I could probably go on, but I think 1000 words for a post is a bit much. Have your two bits to add? Please go ahead. That’s what the comments section is for.

11 thoughts on “On city girls…

  1. indianhomemaker says:

    These men seem so sure that they have a right to decide how this other equal adult who has entered their lives must dress, live, think, socialise, work, look, be, earn, spend, love and live etc. There seems to be a sense of entitlement, they believe – genuinely that they are within their rights to have such expectations from their wives.

    What was the purpose of the show? To show why city women are not in a hurry to marry misogynistic men? Did these men believe village women who have a choice would not prefer healthier relationships?
    Or was the show about why Indian families are aborting female babies (because they must Get Married and Stay Married and this is what marriage is all about, along with dowry)?
    Or about why our divorce rates started increasing as soon as it became possible for women (and their families) to have a say in whether or not they wanted to stay married?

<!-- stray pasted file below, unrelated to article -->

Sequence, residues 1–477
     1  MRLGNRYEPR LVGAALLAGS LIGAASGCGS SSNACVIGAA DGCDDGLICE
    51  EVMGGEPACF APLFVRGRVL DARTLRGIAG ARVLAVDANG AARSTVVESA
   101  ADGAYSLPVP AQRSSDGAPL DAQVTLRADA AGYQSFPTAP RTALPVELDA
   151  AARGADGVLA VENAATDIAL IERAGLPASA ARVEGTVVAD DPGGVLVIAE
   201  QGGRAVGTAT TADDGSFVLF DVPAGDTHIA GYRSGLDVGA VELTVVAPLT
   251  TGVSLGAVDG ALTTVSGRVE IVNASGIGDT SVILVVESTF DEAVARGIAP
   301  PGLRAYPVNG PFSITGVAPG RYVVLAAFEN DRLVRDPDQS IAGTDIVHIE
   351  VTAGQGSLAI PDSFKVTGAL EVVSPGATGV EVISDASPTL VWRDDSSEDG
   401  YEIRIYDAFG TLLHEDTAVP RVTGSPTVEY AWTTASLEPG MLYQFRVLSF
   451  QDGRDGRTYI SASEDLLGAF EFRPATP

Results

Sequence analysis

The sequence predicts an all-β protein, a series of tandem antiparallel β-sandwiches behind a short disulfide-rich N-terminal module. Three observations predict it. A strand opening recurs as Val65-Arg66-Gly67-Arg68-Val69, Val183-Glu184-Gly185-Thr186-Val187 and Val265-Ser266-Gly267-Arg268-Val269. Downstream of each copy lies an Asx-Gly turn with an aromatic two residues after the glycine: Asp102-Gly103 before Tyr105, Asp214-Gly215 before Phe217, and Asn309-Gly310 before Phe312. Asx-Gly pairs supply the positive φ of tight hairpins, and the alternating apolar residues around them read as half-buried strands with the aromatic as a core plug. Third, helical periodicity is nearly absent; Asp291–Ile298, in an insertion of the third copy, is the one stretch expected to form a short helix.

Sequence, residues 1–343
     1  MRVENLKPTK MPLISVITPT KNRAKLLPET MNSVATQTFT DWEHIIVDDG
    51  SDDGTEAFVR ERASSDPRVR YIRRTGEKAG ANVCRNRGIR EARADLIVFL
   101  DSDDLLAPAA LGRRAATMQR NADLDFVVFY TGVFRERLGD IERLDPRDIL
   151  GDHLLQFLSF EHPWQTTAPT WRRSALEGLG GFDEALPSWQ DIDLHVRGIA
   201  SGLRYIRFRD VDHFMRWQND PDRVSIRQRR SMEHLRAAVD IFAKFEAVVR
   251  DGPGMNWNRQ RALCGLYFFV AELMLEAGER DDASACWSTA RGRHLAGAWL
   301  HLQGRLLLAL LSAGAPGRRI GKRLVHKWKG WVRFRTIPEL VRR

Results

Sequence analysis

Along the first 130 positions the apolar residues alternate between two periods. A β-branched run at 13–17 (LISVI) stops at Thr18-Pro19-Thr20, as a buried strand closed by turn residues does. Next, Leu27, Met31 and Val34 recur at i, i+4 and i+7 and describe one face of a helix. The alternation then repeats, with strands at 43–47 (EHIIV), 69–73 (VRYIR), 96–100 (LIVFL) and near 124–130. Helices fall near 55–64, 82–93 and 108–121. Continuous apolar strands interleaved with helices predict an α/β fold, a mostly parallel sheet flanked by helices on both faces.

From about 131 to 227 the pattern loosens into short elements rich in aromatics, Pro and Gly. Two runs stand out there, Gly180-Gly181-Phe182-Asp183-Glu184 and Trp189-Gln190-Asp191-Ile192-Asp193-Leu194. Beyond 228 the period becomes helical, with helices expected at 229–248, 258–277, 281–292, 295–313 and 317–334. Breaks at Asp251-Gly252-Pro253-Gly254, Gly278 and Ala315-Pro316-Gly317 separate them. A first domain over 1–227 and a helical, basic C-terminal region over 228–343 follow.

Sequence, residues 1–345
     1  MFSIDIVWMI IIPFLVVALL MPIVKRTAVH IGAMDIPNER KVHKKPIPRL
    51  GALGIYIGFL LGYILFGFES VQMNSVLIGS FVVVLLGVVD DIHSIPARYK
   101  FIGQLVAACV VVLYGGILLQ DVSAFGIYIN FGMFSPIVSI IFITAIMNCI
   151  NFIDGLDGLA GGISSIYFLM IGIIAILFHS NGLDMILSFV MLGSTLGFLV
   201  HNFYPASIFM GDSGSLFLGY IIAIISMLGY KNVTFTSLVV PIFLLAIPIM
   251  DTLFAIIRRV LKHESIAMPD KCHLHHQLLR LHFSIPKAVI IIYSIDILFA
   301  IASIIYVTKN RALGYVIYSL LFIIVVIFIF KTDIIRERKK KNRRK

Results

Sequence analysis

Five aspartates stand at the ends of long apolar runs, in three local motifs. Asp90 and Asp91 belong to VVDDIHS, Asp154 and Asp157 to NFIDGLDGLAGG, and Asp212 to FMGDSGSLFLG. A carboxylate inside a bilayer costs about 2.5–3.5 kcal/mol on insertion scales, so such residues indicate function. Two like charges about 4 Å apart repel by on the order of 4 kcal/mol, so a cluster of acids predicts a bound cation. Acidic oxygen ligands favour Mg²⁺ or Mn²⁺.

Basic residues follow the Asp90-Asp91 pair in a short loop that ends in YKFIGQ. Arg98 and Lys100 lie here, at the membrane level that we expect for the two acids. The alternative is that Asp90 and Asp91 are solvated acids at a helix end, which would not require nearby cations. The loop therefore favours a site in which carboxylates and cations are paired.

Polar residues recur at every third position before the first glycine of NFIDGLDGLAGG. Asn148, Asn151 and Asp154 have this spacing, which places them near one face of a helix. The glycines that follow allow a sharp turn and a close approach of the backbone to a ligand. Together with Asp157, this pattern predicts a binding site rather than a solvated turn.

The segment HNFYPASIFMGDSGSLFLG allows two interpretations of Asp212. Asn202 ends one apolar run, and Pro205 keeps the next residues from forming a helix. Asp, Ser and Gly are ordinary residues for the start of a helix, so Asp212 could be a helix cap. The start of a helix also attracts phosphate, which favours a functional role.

2. Amrutha says:

    The show was basically about how men from the Second Ice Age still exist in our society. My grouse is that it allowed the men so much airtime that the saner voices were drowned out. Seemed like sensationalism rather than serious debate to me.

    And yes…men do seem to think they are entitled to dictate terms. “MY wife and I will tell her how to live; her own personal preferences be damned.”

  3. Rahul says:

    hey, people will not comment if you don’t reply to their comments, even in older posts. 😉 (wrt your tweet about no comments)

    I know I am supposed to feel disgusted and everything but the whole absurdity and irony of the conversation cracked me up !

  4. Amrutha says:

    Hello! Sorry…bit of trouble keeping up with comments…given the fact that I hardly find time to even respond to tweets…will try my best though!